"What Hath God Wrought" Telegraph Message

"What Hath God Wrought" Telegraph Message

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Printed in Morse code, transcribed and signed by Samuel Morse himself, this message was transmitted from Baltimore to Washington, D.C., over the nation's first long-distance telegraph line.
In 1843, Congress allocated $30,000 for Morse to build an electric telegraph line between Washington and Baltimore. Morse and his partner, Alfred Vail, completed the forty-mile line in May 1844. For the first transmissions, they used a quotation from the Bible, Numbers 23:23: "What hath God wrought." Morse, in the Capitol, sent the message to Vail at Mt. Claire Station in Baltimore. This paper tape is Vail’s return message confirming what was received.
Currently not on view
Object Name
telegraph message
date made
associated date
associated person
Morse, Samuel Finley Breese
Morse, Samuel Finley Breese
place made
United States: Maryland, Baltimore
Physical Description
paper (overall material)
overall: 1 1/2 in x 27 3/4 in; 3.81 cm x 70.485 cm
ID Number
catalog number
accession number
Credit Line
from Edward Lind Morse
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Data Source
National Museum of American History
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This is very interesting... Stuart Collection added this to UCSD's extensive collection. It is on the UCSD campus and blinks throughout the day and night. A wonderful collection for the whole campus and surrounding areas in San Diego to see...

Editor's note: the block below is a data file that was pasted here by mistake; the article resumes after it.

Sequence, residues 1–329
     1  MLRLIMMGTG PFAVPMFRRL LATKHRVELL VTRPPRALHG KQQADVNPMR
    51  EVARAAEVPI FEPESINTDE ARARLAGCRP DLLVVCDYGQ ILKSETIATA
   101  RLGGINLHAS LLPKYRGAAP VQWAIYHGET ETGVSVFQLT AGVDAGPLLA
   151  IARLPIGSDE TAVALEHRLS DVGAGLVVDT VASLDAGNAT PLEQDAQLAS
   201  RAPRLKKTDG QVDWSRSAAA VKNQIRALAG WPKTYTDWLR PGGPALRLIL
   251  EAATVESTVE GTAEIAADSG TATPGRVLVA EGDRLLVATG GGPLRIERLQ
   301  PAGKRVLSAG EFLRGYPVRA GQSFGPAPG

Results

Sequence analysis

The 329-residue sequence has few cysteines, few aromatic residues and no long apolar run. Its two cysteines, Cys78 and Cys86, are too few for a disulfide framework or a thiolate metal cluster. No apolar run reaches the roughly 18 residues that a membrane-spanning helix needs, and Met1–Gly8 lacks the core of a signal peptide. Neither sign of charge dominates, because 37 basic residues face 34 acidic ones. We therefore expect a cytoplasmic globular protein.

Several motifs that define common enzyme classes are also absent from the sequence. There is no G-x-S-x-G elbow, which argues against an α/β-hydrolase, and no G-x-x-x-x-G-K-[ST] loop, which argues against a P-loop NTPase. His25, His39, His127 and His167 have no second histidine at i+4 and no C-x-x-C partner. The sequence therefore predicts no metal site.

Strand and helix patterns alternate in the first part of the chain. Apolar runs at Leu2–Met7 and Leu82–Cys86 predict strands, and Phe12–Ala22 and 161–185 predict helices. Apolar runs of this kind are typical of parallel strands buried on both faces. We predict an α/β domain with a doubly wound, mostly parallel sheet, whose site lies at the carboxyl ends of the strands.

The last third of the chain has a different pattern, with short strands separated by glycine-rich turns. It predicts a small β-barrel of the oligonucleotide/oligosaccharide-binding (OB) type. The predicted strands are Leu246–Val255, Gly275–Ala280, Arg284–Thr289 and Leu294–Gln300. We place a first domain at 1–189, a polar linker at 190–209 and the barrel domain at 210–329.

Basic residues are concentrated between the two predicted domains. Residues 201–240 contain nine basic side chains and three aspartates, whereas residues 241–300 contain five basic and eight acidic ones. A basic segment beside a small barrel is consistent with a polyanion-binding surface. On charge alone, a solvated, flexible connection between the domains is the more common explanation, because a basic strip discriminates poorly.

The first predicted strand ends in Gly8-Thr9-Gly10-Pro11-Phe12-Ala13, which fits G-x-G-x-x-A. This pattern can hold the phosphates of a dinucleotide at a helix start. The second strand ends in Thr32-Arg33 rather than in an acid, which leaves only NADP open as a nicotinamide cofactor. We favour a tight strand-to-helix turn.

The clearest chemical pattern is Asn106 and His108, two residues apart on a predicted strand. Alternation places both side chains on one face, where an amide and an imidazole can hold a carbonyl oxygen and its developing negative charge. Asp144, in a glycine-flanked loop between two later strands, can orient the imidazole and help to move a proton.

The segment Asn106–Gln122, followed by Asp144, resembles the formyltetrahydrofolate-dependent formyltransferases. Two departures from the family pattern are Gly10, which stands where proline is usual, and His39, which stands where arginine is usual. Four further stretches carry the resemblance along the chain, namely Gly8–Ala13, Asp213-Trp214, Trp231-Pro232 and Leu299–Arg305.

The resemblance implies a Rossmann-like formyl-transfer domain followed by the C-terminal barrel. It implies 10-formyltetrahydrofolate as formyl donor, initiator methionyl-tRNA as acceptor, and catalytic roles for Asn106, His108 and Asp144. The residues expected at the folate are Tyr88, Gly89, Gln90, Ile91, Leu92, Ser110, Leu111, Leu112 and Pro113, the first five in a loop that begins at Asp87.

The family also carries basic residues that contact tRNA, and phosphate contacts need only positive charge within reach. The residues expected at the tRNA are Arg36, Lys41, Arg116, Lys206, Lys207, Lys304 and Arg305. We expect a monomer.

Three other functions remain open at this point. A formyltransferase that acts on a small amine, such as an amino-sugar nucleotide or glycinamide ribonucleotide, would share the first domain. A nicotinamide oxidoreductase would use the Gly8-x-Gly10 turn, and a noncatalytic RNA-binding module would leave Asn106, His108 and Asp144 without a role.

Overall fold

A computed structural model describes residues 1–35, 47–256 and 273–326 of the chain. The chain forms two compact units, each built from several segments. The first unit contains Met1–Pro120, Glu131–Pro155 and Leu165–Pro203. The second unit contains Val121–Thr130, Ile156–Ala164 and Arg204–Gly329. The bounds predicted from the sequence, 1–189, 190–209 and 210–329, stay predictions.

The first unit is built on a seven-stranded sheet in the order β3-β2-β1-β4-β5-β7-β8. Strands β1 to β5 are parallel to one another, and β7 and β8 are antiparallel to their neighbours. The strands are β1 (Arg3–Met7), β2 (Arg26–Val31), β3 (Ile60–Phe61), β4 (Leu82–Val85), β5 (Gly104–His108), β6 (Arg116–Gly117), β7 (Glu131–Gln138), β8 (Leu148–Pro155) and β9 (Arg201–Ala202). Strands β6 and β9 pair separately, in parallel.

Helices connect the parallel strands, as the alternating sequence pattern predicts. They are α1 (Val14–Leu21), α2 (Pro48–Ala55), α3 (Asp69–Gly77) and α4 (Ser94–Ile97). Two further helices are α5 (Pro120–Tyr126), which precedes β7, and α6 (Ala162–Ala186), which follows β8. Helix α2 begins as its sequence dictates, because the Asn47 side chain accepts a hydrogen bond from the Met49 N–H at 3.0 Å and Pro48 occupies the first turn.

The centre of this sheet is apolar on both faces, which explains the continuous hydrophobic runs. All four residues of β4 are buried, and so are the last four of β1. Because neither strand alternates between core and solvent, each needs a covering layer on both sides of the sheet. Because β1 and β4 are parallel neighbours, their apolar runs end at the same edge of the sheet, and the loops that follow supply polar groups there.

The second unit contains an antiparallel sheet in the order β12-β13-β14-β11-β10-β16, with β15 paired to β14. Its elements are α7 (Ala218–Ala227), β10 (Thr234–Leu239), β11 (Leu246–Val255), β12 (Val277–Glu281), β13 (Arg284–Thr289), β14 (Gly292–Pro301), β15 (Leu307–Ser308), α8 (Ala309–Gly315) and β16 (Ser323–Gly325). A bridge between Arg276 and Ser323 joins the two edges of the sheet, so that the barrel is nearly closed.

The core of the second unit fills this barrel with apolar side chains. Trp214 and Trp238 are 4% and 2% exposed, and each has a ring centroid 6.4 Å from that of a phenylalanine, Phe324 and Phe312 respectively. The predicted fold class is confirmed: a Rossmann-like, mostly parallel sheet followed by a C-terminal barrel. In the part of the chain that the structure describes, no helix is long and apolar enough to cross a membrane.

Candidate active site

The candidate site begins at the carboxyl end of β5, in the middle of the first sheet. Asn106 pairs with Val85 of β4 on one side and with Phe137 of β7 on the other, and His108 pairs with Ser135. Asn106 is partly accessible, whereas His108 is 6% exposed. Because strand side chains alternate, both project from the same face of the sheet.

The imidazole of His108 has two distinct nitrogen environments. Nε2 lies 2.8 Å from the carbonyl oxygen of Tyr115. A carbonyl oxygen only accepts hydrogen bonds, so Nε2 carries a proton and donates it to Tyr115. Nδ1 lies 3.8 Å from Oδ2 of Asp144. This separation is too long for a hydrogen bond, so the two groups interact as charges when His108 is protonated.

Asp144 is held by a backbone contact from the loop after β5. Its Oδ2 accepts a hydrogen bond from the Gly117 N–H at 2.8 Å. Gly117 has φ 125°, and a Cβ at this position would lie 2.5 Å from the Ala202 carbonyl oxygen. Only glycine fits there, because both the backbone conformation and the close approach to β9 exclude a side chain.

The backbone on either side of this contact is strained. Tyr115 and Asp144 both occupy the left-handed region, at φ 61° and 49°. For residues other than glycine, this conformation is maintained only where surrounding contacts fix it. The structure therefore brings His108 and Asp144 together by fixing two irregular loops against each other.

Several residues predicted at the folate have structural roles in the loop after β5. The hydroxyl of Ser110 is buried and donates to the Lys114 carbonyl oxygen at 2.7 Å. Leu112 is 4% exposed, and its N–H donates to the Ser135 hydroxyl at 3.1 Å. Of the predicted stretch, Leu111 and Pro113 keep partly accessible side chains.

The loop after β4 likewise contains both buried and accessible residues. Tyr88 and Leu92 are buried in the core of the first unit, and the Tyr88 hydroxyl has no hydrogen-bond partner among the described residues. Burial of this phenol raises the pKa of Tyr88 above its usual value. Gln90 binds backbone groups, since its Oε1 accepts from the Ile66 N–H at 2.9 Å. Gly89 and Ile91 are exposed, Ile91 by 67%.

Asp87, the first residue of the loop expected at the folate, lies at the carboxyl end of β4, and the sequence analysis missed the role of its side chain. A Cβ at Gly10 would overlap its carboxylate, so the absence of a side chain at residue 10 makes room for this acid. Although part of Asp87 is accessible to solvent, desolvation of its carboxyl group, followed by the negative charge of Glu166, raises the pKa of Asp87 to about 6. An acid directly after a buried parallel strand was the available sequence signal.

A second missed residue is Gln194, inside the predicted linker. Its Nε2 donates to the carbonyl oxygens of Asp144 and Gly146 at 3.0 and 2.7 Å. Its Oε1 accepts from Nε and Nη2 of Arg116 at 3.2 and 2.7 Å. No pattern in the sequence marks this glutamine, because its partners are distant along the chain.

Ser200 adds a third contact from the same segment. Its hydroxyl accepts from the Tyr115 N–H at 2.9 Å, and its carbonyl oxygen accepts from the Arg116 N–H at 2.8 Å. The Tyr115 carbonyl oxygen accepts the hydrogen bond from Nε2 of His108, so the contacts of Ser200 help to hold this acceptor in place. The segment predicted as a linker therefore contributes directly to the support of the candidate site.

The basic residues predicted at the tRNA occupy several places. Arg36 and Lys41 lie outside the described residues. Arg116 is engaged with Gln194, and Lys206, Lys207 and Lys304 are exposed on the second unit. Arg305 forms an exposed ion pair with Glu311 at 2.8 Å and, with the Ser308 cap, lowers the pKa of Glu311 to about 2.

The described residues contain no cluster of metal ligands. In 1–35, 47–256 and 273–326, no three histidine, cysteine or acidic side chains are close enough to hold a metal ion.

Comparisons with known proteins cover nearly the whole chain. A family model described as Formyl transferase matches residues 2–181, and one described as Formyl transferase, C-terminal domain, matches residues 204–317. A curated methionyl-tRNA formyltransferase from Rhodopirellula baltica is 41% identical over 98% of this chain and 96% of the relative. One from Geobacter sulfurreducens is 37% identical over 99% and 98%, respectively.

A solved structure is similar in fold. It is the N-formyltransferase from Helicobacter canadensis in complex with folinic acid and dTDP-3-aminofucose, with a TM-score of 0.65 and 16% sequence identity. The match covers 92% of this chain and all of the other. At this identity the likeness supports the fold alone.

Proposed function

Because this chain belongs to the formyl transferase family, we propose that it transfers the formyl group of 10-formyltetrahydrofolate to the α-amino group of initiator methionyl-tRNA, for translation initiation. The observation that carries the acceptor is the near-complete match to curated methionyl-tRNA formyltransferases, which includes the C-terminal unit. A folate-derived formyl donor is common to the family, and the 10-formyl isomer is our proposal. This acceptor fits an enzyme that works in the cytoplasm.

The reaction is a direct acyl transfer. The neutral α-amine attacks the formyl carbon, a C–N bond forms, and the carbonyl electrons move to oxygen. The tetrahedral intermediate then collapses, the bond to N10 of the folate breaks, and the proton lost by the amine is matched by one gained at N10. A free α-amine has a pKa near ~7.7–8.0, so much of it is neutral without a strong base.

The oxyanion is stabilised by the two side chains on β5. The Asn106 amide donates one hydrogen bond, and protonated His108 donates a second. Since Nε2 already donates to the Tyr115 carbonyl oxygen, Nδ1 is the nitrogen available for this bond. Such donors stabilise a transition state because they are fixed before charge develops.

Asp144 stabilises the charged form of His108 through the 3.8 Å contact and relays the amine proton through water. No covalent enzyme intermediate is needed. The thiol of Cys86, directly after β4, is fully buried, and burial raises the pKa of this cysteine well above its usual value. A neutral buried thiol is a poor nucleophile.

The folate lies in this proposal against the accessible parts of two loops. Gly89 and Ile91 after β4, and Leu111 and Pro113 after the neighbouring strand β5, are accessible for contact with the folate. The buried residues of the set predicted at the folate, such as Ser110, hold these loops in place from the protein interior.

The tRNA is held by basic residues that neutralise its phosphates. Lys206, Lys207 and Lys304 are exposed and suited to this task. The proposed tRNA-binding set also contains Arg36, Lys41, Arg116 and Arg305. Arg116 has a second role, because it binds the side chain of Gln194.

Western Electrcian (Vol. IX August 8,1891 No.6, Page 72). states: Mrs. Roswell Smith, then Annie G. Ellsworth, that while working for the her father, the commissioner of patents was the first to inform Samuel Morse of the passing of a bill appropriating funds from Congress for Morse's telegraph system. So pleased with her, Morse honored Annie in writing the first message., "What has God Wrought". to be sent by telegraph. The transmitted stripe of paper was then claimed by Governor Seymour of Connecticut who felt his state should have the stripe because Annie was a native and Morse received his education at Yale.

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